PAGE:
Is COVID-19 Still a Risk? For Kidney Patients, the Answer is Yes.


As the world is coming back to a place of normality, kidney patients are still wondering about the impact of COVID-19 on their health. Do they still need to avoid others to avoid the virus, or is it time to go back to normal? These are heavy questions, and they are important ones to answer as kidney patients try to protect their health in this unique time. Is COVID still a risk for kidney patients? Yes, but there are tools and strategies you can use to navigate that risk well.


Antibody Levels May Help You
The CDC currently does not recommend routine testing of COVID-19 antibodies. The data does not seem to indicate that antibodies mean you won’t catch the virus again. However, for kidney patients, they may be a clue. People with high antibody levels appear to get milder symptoms if they catch COVID again, so antibody testing could give you some peace of mind as you move forward in this new era.


Don’t Ignore Boosters
Boosters are an important part of protecting your health as a kidney patient. Make sure you talk to your kidney doctor to learn what boosters are recommended to protect your health. These boosters help prepare your body for the newest strains, so your body stays aware and is prepared to fight COVID if you are exposed. People with immune system deficits are recommended to get two boosters after they finish the initial shot regimen.


Should I Panic if I Catch COVID?
No, you should not panic if you catch COVID. In fact, the latest strains of COVID are so prevalent, it is nearly impossible to go through daily life without catching it. However, you do need to take the right precautions to ensure that you do not get severely sick. Using the vaccines will help. Yes, you will feel unwell, but you are less likely to get severely ill if you are vaccinated, even as a kidney patient.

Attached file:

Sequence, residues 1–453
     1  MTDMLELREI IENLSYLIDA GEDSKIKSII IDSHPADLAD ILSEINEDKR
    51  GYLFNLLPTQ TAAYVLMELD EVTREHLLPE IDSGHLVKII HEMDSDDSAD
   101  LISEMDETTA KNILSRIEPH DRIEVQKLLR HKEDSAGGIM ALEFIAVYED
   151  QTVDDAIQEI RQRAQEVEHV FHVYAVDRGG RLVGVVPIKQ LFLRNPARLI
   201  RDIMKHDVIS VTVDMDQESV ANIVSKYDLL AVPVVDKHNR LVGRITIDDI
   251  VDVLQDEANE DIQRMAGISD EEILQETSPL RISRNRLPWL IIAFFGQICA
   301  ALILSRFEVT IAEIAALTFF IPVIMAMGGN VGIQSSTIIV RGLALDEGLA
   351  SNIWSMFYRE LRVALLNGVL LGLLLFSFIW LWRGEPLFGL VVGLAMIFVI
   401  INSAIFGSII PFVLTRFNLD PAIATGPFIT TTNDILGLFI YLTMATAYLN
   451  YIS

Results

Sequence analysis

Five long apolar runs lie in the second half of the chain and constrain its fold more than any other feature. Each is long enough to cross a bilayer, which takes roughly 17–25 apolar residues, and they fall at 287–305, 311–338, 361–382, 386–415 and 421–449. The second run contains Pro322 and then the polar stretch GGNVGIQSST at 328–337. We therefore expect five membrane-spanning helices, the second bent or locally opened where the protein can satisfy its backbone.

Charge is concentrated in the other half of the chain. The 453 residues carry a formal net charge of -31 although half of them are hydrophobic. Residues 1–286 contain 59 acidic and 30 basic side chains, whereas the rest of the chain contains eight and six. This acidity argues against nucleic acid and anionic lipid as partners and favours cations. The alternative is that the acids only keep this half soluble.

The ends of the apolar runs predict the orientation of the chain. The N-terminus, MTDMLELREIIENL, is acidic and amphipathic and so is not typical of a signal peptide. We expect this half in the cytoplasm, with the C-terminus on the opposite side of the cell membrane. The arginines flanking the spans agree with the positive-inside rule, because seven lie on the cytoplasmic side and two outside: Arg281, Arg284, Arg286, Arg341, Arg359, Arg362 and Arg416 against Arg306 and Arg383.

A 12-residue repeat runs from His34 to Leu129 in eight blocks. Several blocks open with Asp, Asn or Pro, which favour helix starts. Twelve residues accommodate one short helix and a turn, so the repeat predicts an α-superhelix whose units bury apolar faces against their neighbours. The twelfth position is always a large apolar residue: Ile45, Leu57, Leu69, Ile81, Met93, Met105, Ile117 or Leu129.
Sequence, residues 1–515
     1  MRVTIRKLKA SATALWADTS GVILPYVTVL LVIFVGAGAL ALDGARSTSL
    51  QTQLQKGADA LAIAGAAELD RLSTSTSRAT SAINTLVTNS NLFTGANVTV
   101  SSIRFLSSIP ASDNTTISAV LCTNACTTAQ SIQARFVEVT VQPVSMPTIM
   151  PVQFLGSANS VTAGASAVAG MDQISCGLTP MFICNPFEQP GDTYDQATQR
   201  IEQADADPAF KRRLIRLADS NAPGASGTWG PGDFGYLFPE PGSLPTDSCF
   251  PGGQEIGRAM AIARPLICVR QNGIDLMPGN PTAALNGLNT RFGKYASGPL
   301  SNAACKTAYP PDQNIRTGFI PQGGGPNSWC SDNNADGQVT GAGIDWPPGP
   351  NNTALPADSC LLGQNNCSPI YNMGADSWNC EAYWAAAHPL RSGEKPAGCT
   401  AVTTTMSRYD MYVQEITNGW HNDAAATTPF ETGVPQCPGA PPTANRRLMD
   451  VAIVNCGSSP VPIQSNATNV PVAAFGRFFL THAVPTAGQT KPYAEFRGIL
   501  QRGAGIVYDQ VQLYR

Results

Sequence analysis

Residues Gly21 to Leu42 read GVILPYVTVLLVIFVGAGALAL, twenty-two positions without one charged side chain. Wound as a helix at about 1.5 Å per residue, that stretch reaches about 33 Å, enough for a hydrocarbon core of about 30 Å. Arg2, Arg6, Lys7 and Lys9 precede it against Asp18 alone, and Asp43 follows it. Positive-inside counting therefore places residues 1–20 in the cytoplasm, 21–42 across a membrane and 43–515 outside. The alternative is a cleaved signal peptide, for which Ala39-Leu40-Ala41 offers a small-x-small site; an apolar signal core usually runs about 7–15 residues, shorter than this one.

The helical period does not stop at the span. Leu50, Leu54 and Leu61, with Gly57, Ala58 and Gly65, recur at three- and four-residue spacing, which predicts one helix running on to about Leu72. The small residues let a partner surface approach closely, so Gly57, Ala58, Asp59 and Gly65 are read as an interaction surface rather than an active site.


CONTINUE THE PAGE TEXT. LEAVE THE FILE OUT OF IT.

That said, if you do get COVID, contact your primary doctor or your kidney care team right away. This will ensure you get the right medical care at the start of the illness, so it does not become severe. If you are on dialysis, make sure you notify the unit to ensure you can continue with your life-saving treatment without spreading COVID to other at-risk patients or the staff caring for them.


Finally, take time to rest so you can heal. Do not push yourself through COVID, as that may increase your risk of complications. Stay hydrated, and try to eat healthy food if your appetite allows. Move your body as much as you can, and keep in contact with your medical team. These will all help you get through it with fewer complications.


Take Reasonable Precautions
We are past the point when kidney patients need to completely isolate themselves, but you should take reasonable precautions. If someone in your home or that you spend a lot of time with tests positive, then distance as much as possible. Stay in different rooms of the home, or spend time socializing outdoors, where the risk of transmission is much lower, instead of spending time inside. Continue living your life, but be careful when you need to. However, don’t panic. If you catch COVID, you most likely will get through it, and you have a medical team ready to help.


What’s the Bottom Line?
The bottom line about COVID in 2022 for kidney patients is this: you are still at higher risk for complications from the virus, but this risk is similar to the risk of all other viral infections, including things like the flu. You need to take measures to protect yourself, yes, and stay updated on your vaccinations, but you do not need to live in fear. When you do catch COVID, keep your medical team aware of the situation, take care of yourself while you recover, and most likely you will weather the virus with few complications. No one can predict how any particular patient will respond to COVID, but the current treatments provide greater hope than at the start of the pandemic. Enjoy your life and family with less fear even as you navigate the world of COVID with the challenges of kidney disease.